Is the 2011 Texas drought the product of climate change? NASA’s James Hansen and his colleagues say it is. Most scientists choose not to link specific weather events to climate change trends, but they’ve gathered data they say shows that the 2011 heat wave that hit both Texas and Oklahoma was “a consequence of global warming because their likelihood was negligible prior to the recent rapid global warming.” Using over 50 years’ worth of temperature data, the group feels they can definitively argue that the heat wave in Texas and Oklahoma wouldn’t have occurred without global warming.
Even if you’re not ready to argue that this particular incident is a direct result of climate change, it is easy to see the enormous ramifications of the heat wave for Texas and how these effects will be felt outside the Lone Star State. Certain areas are now trucking in water as their wells run dry and as they make major decisions regarding future water use, equipment, and needs. Andrew Freedman discusses how rice production may face unprecedented restrictions, cuts and even shutdowns with the current water shortage. And it’s not just rice that’s feeling the squeeze:
“The 2011-12 drought ranks as the state’s most intense one-year drought since records began in 1895. The drought has had major impacts on agriculture in the Lone Star State, particularly for cattle ranchers, causing at least $5.2 billion in agricultural losses during 2011. This includes $1.8 billion in cotton losses, $750 million in lost hay production, and $243 million in wheat losses.”
So what does this case study of Texas tell us? It’s important to see the direct links between food, water and energy, not to mention human and national security. Andrew Winston helps make clear the links between energy, water and food, and what changes in availability and accessibility of one resource may mean for the rest of the system (ecosystem, economic, etc.). As the water supply drops and the drought cuts into agricultural production, commodities become scarce. This will have a major impact not just on individual farmers or the state of Texas, but the national economy at large.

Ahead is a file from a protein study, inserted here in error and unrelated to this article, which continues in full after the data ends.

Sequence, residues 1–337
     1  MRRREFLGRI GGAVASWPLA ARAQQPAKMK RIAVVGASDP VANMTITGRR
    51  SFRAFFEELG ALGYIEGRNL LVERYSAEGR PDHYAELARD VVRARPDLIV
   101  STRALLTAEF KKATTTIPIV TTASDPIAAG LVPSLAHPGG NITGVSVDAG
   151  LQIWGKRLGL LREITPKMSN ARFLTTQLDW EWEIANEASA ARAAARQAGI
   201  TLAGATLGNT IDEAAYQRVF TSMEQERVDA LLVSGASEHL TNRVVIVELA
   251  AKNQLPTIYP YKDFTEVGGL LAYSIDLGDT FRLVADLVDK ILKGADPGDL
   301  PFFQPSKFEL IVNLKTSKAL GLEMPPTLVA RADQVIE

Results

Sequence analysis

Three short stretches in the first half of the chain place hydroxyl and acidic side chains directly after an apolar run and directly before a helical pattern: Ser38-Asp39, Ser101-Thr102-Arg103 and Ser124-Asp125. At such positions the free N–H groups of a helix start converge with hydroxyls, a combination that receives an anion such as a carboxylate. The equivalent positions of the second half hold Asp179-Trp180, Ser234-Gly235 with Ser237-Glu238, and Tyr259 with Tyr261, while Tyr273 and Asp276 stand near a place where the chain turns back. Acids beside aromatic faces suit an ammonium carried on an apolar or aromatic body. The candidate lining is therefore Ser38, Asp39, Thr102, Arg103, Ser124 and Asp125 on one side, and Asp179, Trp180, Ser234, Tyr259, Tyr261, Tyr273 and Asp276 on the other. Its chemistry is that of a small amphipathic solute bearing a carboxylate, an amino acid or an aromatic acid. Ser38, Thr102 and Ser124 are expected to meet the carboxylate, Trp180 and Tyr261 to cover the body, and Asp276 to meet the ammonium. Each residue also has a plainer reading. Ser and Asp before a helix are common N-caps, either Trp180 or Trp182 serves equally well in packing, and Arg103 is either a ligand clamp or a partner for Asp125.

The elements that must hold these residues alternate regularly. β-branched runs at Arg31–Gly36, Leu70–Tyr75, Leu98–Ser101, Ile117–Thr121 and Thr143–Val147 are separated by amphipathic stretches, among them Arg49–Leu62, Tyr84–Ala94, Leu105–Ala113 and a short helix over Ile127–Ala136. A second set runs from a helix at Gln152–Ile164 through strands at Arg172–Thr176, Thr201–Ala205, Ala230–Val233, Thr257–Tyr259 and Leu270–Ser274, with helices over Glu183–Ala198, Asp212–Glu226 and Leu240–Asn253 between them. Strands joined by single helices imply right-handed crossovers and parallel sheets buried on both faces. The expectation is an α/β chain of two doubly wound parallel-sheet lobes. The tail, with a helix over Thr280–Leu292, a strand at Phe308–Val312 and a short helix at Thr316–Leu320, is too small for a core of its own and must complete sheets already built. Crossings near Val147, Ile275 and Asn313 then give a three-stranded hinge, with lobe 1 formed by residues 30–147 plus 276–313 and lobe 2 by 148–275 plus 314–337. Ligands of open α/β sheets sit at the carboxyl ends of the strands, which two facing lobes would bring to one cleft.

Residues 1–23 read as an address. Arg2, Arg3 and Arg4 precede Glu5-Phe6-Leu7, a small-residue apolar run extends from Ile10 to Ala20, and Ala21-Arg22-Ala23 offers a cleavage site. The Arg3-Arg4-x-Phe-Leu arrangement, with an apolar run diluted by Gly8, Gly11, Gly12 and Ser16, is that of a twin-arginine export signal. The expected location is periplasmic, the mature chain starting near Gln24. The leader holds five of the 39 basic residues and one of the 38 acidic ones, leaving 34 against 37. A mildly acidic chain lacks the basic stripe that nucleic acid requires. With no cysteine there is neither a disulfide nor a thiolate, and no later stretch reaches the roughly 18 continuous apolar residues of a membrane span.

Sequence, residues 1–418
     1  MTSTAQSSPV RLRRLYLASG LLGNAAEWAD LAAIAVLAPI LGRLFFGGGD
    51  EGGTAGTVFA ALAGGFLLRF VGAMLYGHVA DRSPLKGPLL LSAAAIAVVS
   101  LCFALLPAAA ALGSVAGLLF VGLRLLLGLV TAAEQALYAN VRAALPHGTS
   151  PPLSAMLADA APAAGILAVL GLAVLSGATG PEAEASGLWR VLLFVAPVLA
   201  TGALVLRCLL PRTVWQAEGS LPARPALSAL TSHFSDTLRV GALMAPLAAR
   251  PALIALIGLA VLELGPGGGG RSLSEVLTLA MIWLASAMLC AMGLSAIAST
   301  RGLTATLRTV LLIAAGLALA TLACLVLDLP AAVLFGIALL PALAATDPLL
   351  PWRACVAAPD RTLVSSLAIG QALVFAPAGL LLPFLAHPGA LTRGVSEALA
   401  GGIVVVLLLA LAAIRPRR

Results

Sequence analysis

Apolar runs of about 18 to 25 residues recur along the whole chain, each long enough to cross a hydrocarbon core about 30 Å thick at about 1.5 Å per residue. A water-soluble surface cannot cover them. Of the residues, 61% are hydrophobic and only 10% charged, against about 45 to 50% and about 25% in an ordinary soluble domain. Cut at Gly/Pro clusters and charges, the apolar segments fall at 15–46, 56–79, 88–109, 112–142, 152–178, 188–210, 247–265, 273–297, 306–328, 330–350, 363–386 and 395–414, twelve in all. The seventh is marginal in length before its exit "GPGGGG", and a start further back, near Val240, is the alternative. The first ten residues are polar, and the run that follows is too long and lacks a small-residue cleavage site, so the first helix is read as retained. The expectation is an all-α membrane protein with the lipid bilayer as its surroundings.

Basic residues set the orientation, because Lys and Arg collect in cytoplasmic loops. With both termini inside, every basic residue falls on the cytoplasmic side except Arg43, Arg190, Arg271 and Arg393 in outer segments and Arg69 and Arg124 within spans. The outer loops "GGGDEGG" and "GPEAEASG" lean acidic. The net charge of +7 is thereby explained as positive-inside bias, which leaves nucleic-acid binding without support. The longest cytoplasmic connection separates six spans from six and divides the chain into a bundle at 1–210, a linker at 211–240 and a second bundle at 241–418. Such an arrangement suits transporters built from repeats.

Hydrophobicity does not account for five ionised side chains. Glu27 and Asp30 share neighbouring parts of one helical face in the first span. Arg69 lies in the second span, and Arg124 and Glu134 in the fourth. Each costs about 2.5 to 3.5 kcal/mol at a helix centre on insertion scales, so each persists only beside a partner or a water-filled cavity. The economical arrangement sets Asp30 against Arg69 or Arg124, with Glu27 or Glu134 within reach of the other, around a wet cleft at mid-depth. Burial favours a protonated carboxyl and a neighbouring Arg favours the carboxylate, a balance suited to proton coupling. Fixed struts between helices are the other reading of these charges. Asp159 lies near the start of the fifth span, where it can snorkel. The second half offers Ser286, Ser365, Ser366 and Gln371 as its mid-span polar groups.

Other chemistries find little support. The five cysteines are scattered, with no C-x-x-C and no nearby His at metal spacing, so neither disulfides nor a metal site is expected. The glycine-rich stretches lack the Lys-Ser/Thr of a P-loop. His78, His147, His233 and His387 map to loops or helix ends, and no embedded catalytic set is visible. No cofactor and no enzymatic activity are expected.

In fact, these changes in agricultural production may have even bigger consequences, perhaps globally. A new UN report states that:
“As the world’s population looks set to grow to nearly 9 billion by 2040 from 7 billion now, and the number of middle-class consumers increases by 3 billion over the next 20 years, the demand for resources will rise exponentially. Even by 2030, the world will need at least 50 percent more food, 45 percent more energy and 30 percent more water, according to U.N. estimates, at a time when a changing environment is creating new limits to supply.” (AlertNet)
With extreme weather events becoming more commonplace, such as this Texas drought, and the earth’s population continuing to grow, will the world be able to keep up with the demand for more water, energy and food? What might all of this mean for human security?